U.S. Steel cuts jobs at Minntac, Keetac

Thousands of tons of rock and dust are blasted into the air as Minntac opens a new section of their pit for loading in June 2019.

IRON RANGE — U.S. Steel eliminated several dozen jobs at two Iron Range-based taconite plants on Friday morning.

In an email, U.S Steel’s spokesperson Amanda Malkowski said the company has been “taking the difficult step to eliminate a number of non-represented positions in the United States, including at our Minntac and Keetac facilities.”

Malkowski declined to comment on the exact number of job cuts. But local sources say that figure ranges between 32 to 37 positions, some of which were salaried. Minntac and Keetac employs about 2,200 union and non-union workers in Mountain Iron and Keewatin.

“Unfortunately, this was a necessary step in the execution of our strategy which will deliver cost and capability differentiation to create a world competitive ‘best of both’ footprint,” Malkowski wrote. “It’s always difficult when we have to say goodbye to valued colleagues, but these moves will allow us to better manage our resources amid challenging market conditions.”

State Rep. Julie Sandstede, DFL-Hibbing, said over the phone Friday night that she just learned of the news earlier that day. “I’m disappointed the Range Delegation did not receive a heads up on this,” Sandstede said. The delegation also includes State Sen. David Tomassoni and State Rep. Dave Lislegard, both DFLers.

“I’m deeply saddened for the individuals impacted by this decision and for their families,” Sandstede added. “I suspect this action comes as a result of a downturn in the industry and I am concerned about what that means moving forward.”

Also on Friday night, St. Louis County Commissioner Mike Jugovich said he “feels for the families” in his 7th District in Hibbing and across the Iron Range. He continued, “They’re looking at losing their jobs before the holidays and that’s unbelievable. Losing a job is always disheartening and, moving forward, I’m wondering what’s in store for the rest of the employees. Hopefully, this will be the last of cuts.”

Dan Pierce, president of the United Steelworkers Local 2660, told reporters that he declined to comment. United Steelworkers Local 1938 was unavailable as of press time.

The cuts are happening more than a month after U.S. Steel announced on Oct. 8 that the company examined “organizational structures, work performed, and spending to find opportunities to more efficiently execute our strategy,” Malkowski wrote. “At the same time, we’ve been battling challenging market conditions, which means we need to truly become a leaner, more efficient organization faster.”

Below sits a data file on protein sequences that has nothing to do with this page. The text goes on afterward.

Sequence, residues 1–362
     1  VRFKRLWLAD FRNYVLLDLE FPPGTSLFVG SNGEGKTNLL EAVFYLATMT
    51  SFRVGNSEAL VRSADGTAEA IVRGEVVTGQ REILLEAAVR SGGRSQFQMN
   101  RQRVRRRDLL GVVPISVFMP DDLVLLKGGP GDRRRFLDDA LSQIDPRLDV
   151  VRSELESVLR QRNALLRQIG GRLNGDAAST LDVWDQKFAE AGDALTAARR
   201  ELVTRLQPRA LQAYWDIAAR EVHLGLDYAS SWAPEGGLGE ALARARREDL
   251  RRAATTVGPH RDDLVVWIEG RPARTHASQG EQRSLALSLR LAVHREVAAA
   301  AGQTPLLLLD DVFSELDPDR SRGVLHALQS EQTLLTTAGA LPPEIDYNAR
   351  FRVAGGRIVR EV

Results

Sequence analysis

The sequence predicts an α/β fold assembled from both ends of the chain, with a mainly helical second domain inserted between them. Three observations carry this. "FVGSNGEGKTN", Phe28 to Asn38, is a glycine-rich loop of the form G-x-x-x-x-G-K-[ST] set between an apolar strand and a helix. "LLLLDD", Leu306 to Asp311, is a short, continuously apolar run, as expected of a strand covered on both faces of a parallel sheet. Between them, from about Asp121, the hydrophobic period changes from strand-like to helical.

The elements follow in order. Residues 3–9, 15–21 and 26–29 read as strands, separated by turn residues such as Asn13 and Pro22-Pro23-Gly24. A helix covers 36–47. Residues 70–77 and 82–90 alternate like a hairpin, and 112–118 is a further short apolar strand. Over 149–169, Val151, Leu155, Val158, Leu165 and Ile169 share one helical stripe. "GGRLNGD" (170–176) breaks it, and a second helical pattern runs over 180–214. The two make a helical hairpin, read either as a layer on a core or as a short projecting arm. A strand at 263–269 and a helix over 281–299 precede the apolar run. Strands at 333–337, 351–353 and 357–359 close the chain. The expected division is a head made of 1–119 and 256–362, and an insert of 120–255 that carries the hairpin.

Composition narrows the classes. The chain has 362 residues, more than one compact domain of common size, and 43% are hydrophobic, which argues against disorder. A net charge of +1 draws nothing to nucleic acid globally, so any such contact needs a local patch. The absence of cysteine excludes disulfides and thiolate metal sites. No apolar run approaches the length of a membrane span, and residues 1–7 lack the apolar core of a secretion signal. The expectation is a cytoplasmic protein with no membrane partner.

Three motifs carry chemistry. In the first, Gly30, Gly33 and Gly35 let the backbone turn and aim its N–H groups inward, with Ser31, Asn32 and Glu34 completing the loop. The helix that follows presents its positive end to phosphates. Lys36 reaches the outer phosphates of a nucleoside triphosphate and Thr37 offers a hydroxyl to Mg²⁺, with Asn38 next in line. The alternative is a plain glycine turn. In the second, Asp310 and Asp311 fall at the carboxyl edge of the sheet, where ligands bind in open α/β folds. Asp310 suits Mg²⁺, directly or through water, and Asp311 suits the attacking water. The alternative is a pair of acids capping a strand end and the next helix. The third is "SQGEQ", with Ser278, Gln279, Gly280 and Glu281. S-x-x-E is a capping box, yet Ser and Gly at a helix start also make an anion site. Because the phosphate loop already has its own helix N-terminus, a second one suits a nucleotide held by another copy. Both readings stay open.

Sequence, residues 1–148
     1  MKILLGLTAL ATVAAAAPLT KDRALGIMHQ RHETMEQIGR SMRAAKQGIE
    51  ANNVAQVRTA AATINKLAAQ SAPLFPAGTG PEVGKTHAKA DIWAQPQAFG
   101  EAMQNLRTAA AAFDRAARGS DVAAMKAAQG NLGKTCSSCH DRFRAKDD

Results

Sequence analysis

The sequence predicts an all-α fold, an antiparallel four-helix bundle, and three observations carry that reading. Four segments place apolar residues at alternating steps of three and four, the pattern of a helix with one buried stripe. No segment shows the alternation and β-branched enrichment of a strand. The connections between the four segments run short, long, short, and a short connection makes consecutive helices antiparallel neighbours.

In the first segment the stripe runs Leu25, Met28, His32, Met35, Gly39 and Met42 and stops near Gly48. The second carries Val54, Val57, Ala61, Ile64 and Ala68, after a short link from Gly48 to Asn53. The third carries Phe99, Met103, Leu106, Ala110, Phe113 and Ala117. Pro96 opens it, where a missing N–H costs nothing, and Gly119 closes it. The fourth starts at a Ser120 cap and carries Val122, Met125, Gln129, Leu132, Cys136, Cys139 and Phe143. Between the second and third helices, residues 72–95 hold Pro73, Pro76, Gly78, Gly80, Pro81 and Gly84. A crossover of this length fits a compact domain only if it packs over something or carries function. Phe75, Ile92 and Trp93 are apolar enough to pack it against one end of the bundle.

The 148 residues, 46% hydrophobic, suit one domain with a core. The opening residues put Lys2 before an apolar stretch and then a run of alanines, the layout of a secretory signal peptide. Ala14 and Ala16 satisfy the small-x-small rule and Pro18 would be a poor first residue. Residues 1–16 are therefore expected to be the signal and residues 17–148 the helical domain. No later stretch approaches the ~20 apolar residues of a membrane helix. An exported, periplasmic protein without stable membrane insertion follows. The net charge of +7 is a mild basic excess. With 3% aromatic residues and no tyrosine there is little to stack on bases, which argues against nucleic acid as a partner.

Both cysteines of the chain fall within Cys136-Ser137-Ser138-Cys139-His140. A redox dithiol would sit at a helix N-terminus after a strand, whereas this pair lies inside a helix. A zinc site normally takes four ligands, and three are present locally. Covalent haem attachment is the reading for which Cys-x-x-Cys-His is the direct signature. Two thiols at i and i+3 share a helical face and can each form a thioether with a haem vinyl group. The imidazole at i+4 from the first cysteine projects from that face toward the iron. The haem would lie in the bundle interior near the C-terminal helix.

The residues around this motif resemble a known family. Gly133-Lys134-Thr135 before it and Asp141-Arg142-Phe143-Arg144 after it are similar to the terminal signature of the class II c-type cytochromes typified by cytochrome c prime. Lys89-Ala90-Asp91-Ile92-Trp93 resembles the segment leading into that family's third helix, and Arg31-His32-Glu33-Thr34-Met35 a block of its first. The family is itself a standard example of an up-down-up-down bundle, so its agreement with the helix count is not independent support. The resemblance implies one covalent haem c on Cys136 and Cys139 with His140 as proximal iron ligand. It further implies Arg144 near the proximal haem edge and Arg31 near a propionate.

In mid-October, U.S. Steel announced it would idle one of its production lines at Minntac due to a change in market conditions, but the company said that layoffs were not expected. No changes were announced at that time for Keetac. “In order to reflect changing market conditions and the need to adjust our raw materials accordingly, we plan to take advantage of this situation by performing additional maintenance on our five Minntac agglomerators for enhanced reliability in preparation for improved market conditions,” US. Steel told the Star Tribune. “We do not anticipate any employment impacts as a result of this action.”

Last week, U.S. Steel reported its third quarter performance showing a net loss of $35 million, a substantial decline from $321 million in the third quarter of 2018. The company also announced a five-cent per share dividend to stockholders. “While market headwinds persist, we continue to focus on what we can control, including re-scoping our asset revitalization investments and reducing fixed costs,” David B. Burritt, president and CEO of U.S. Steel, told investors.

U.S. Steel’s reported loss was the company’s first since President Donald J. Trump enacted 25 percent tariffs on imported steel and aluminum in 2018. Steel prices throughout the industry have steadily declined in recent months, leading to lower third quarter earnings, though executives at Nucor and Cleveland-Cliffs have suggested to investors that current pricing has bottomed out and are a temporary blip in the market.


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